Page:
I remember that chair, and I know where the photo was shot. It had only been about a year since my mother, father, sister and I had left Granny’s farm in Georgia and moved to Jacksonville, Florida, where my father got back into the newspaper business after his six-year failed attempt to make it as a pulp-magazine writer.
We moved first into an old second-floor walk-up on Osceola Street, but we didn’t stay there but a few months. Then we moved into a much nicer, two-story rental nearby on Herschel Street. It had a huge yard to play in. That photo above was taken in the living room on Herschel.
I’m licensed to fly small planes if they don’t have more than one propeller. I guess two propellers would confuse me. No matter. I do not fly anymore even though the license is still good.
But it clearly was in my genes as evidenced by the second photo, which was taken, well, I do not remember. Nary a clue. I don’t appear to be much older than I was when I kissed that parakeet.
Flash forward a few years. We had moved from Herschel Street across the St. Johns River to the bedroom community of Arlington where my parents bought a humble, one-story, three-bedroom ranch house painted aquamarine at 2030 Cesery Boulevard.
This photo was from the Senior Prom at Terry Parker High School in 1961, but I was not a senior. My date was, and I was stepping into the lurch. She lived just around the corner from us and her scheduled date had backed out at the last minute after she’d bought her prom dress.
Her mother spoke to my mother who spoke to me, and the next thing I knew I was in a white coat and black pants and posing for a photo before a paddle boat on some distant Southern river reeking of magnolias.
Her name is Johna and she is now retired from a career with the Duval County Sheriff’s Department in Florida.
The following year I was a senior, but I skipped the prom.
I thought I was a Beatnik by then.
I was 16 in the prom photo, and I am 19 here, standing with my roommate in our barracks at Castle Air Force Base outside Merced, California. The other guy was Adrian Landres who was not wrapped too tightly and later was discharged for psychiatric reasons.
He was a year older than me, and about five years ago I saw his obituary online. There was no mention of the cause of death.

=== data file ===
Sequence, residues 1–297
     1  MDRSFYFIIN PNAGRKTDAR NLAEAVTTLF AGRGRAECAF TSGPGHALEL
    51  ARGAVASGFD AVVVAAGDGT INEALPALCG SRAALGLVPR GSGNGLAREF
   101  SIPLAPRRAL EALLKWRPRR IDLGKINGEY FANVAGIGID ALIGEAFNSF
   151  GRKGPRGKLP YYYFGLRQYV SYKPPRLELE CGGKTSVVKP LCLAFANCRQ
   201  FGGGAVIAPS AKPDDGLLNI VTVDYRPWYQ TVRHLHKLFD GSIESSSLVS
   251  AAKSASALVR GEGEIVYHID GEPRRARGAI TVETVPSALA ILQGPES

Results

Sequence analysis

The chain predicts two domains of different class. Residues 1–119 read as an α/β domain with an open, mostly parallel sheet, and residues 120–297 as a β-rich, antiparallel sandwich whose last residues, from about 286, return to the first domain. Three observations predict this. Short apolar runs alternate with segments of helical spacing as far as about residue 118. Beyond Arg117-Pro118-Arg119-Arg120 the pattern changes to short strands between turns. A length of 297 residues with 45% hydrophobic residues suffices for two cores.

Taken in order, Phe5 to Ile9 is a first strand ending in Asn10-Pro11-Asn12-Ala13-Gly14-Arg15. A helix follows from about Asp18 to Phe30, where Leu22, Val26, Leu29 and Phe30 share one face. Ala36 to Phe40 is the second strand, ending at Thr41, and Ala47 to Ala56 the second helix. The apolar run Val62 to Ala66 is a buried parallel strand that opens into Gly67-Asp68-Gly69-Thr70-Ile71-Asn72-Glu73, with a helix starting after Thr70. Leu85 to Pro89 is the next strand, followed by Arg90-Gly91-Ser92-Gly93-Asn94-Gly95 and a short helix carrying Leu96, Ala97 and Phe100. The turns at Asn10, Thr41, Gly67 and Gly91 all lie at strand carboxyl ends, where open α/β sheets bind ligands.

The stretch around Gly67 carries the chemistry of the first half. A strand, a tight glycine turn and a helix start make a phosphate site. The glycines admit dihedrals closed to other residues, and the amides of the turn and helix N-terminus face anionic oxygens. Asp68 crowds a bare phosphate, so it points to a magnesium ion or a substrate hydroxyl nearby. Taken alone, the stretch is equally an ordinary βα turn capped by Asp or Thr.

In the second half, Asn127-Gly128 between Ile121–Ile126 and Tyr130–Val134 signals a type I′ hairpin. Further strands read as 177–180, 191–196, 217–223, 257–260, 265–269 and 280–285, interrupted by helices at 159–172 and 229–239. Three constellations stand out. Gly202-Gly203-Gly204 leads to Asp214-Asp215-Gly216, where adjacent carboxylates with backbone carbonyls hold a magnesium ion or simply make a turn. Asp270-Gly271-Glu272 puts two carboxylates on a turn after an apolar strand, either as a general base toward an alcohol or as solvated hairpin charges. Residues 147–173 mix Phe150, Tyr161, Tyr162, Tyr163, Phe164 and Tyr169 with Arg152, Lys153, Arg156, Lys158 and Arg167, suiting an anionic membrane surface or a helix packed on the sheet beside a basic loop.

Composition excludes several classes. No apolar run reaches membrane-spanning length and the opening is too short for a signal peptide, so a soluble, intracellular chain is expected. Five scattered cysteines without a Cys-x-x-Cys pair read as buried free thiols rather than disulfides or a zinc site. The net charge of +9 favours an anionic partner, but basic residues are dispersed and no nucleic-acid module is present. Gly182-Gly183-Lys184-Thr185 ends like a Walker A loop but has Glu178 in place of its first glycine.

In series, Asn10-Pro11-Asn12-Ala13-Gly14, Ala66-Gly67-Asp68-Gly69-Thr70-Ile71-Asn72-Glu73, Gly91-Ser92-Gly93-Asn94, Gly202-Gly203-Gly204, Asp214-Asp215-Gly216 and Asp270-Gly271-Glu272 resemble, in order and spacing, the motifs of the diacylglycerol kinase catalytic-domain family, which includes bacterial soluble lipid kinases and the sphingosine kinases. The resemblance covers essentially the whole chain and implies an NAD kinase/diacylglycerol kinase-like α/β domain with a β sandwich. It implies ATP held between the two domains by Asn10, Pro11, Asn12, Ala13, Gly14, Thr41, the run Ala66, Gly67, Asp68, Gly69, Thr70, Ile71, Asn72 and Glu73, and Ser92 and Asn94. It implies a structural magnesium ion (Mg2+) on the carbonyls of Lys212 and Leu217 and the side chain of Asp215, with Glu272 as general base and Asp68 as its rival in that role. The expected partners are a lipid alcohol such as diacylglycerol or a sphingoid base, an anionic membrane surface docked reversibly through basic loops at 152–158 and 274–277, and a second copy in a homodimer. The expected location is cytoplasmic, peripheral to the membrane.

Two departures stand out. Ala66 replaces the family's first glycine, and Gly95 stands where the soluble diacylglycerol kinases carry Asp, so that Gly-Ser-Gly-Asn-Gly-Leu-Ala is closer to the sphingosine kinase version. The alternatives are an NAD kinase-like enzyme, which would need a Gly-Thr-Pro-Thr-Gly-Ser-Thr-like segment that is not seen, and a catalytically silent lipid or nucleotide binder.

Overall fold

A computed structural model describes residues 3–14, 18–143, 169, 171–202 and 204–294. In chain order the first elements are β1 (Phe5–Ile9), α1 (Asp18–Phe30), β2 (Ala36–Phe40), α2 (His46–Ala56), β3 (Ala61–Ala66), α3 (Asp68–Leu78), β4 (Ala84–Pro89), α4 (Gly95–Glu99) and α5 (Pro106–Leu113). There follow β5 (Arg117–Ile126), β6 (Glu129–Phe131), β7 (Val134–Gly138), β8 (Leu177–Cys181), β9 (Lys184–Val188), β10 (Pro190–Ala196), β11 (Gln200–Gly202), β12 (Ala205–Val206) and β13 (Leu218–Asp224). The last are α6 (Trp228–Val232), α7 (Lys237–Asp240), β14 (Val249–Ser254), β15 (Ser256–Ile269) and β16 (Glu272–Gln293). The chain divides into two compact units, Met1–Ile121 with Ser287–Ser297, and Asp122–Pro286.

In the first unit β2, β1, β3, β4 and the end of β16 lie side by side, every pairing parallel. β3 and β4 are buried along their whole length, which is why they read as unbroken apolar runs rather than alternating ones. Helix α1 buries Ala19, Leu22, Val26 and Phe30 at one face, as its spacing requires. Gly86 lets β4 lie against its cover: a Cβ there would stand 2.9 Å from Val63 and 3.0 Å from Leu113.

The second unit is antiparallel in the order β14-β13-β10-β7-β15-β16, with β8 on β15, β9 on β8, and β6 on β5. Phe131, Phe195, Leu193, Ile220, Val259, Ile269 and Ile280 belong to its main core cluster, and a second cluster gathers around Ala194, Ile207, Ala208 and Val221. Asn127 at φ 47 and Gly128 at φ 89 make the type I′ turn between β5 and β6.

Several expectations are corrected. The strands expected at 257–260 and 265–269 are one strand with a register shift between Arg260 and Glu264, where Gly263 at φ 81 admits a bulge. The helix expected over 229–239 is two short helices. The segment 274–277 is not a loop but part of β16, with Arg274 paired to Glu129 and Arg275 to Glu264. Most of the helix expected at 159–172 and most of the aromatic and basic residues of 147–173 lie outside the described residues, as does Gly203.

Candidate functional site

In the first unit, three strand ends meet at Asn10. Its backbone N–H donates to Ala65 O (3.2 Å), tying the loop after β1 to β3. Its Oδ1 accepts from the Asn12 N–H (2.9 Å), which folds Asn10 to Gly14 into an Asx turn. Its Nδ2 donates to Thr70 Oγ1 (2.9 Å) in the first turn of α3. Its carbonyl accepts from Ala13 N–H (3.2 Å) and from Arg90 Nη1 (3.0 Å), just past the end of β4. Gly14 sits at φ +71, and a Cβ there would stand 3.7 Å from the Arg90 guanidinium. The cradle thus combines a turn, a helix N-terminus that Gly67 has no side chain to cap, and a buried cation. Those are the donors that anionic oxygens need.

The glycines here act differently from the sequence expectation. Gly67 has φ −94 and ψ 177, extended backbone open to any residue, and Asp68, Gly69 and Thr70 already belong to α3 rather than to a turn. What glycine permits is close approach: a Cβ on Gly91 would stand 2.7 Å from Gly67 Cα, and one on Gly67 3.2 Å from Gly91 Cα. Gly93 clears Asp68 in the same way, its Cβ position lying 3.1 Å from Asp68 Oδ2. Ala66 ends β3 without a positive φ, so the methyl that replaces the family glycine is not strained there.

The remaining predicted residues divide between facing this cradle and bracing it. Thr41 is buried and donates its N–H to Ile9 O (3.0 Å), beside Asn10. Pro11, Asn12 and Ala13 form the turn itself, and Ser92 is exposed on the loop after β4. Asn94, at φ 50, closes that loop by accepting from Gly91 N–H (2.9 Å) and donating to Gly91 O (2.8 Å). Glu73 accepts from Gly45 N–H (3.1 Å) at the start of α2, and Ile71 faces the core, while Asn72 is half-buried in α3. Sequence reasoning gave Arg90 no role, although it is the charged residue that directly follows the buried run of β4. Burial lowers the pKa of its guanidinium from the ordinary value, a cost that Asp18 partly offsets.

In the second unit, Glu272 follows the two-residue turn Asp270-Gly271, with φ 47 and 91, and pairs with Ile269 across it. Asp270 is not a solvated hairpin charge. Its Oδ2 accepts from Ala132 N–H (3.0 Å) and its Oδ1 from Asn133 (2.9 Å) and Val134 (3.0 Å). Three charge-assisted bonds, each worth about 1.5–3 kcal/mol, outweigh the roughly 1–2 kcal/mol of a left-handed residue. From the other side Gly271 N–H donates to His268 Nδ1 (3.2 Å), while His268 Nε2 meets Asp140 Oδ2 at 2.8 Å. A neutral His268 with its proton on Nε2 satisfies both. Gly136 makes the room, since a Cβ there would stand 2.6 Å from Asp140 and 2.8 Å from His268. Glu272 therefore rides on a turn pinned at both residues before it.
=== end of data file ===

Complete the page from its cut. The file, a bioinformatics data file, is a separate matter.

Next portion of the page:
Adrian and I were two of a group of three guys who were quite tight during my Air Force time in California. I lost track of Adrian in the late 1970s because he was not a communicator.
The third of the trio was Gilbert Gorodiscas who had been born in Sant Amant, France, and migrated to America at the age of 14.
Both of these guys were Jewish.
Here are the three of us sitting atop an Indian trike motorcycle in the yard of Adrian’s parents in Redondo Beach, California, in 1964. The trike belonged to Adrian. That’s me on the right and Gilbert behind striking his best French fop pose, which he did often, especially for the ladies.
Never did him much good.
Gilbert married a woman he met during a stopover in New Orleans on his way to a base in the Caribbean where they lived for a spell. She was a sultry, New Orleans, Latina “Yat,” who are the people who live in the city’s Ninth Ward. They’re famous for asking: “Where y’at?”
I was living in New Orleans by that time, going to the university, and I introduced the two of them. Her name was Joanie Ruiz.
Joanie’s daddy was a Dixie Beer truck driver, and I loved visiting her parents’ Ninth Ward shotgun because daddy kept a second fridge jam-packed with Dixie Beer which he got free, so you could drink all you wanted on sweltering summer days, or any day, for that matter.
They divorced about a decade later, proving yet again that multiculturalism usually ends badly. He was a blond European Jew, and she was a Catholic Yat, but he still lives in New Orleans, running his own chemical-supply company, something he’s done for decades.
Jews are good at business.
Joanie remarried, but he never did.
* * * *
In the late 1960s, my first wife, my daughter and I were living in New Orleans, and Adrian came to visit, riding a Triumph Bonneville motorcycle all the way from Redondo Beach.
He stayed with us for a time, but his habit of lounging around the apartment in his underwear did not sit well with my wife, understandably, so we had to ask him to leave, and he got his own place where he lived a few months, driving a Yellow Cab for cash, before returning to the West Coast.
In the mid-1970s, I was passing through Southern California, and I visited Adrian. He had married a woman whose two front teeth were missing, and they were living with his parents in Moorpark. Adrian was working as a projectionist in a movie theater, the only occupation I ever knew him to have outside the Air Force.
After that visit, we totally lost touch.
Lastly and many years later, the late 1980s, I’m standing with my father inside a Farmer’s Market in Atlanta, Georgia. This was about three years before he died in 1991 at age 75 of a heart attack. Though he failed to realize his youthful dream of being a pulp-magazine writer, he did become an excellent — famous even — haiku poet in his last years.
And with that, we’ll close the photo album for now.